Isn’t it better to fail and learn during an exercise than in combat?  The cost of such exercises is high but far, far less than the cost of finding out about our deficiencies in combat.


(1)SNAFU website, “173rd forgets how to airborne? Nope, but you watched careers and Humvees crash on that drop zone.”, Solomon, 21-Apr-2016,


  1. On point ComNavOps, as usual!!!

    Not only have they proved it and failed, which is OK but hopefully, they have NOT REPLACED those 3 HUMVEES and have to go for the rest of the exercise with 3 less vehicles FOR REAL!!! How many times do you take "losses" in practice and then, by magic, they "reappear"? Not this time!!!

  2. awfully frivolous with your young sailors lives aren't you there CNO?

    There aint no such thing as full auto and leave a 2 billion dollar asset out on the water by itself. These things only work because 100's of humans all do something simultaneously. I suspect you know this, as you are one forever decrying the uselessness of tiny crews (largely correctly).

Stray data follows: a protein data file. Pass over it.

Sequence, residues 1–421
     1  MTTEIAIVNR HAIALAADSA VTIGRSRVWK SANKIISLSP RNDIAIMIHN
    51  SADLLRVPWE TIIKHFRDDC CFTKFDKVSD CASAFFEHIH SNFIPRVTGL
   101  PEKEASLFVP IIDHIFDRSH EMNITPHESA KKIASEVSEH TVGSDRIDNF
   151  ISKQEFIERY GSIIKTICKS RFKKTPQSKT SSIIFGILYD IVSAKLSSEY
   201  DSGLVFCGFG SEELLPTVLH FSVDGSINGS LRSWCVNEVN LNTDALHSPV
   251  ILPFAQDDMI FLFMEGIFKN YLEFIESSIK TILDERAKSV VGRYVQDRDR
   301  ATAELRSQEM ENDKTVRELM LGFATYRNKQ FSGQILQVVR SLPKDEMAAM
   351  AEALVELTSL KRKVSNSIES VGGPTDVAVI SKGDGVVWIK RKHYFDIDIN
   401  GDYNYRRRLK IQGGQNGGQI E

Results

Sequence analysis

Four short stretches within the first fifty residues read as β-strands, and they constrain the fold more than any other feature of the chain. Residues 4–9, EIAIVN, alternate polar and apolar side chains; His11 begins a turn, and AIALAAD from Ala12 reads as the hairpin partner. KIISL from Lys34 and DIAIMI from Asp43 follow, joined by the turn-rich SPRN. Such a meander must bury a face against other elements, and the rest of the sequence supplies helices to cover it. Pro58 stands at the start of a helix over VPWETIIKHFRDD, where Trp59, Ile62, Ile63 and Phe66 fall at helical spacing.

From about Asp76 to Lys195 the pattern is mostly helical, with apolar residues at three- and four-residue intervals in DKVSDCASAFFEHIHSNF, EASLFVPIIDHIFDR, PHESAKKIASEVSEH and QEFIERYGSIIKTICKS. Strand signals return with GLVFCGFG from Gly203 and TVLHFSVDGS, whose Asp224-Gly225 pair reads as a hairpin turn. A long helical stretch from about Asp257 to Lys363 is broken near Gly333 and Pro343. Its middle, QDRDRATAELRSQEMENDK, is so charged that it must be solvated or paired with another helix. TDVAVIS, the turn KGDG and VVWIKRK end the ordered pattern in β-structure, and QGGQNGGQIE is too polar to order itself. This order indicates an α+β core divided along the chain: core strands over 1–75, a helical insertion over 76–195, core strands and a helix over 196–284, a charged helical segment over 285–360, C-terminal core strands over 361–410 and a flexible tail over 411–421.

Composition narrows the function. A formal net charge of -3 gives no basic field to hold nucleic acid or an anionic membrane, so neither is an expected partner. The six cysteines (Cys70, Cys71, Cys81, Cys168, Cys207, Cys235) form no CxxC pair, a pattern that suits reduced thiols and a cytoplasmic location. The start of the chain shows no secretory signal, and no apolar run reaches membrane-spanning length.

Firing live ammo at a ship only proves how many people die when shit goes boom.

    Sure, saturation testing costs a motsa, hence is seldom done. Should that be rectified? Sure. Can computer modelling substitute? Maybe, I'm pretty sure IDF didnt launch 100 katyushas simultaneously at the first iron dome interceptor battery, yet under its first live fire scenario under full combat conditions, it worked.
    I suspect US and Israeli aero industries will have similar testing. So, take from that what you will.

    1. Huh???? You can't think I'm suggesting we put a manned ship in a live cruise missile attack? That would be insane. I'm talking about using an unmanned cruiser and simply testing Aegis in full auto with no one on board.

      What kind of maniac do you think I am?

    2. Computer modelling is a useful tool but is no substitute for actual testing. As the video graphically demonstrated, all kinds of things go wrong that computer simulations don't account for. A computer simulation won't predict humvees plunging into the ground, for example.

    3. Nate, I'll have to check, but my understanding was that the Aegis portion of it does actually have a full auto mode. At some point, its theoretically faster and better to let the servers triage the raid.


      "he engagement of air targets was conducted through a separate unit, the Mk.99 Fire Control System, which employed four Mk.80 directors (illuminators) used mainly in the final intercept phase. The four illuminators could cover each direction and allowed for simultaneous multi-mission firing.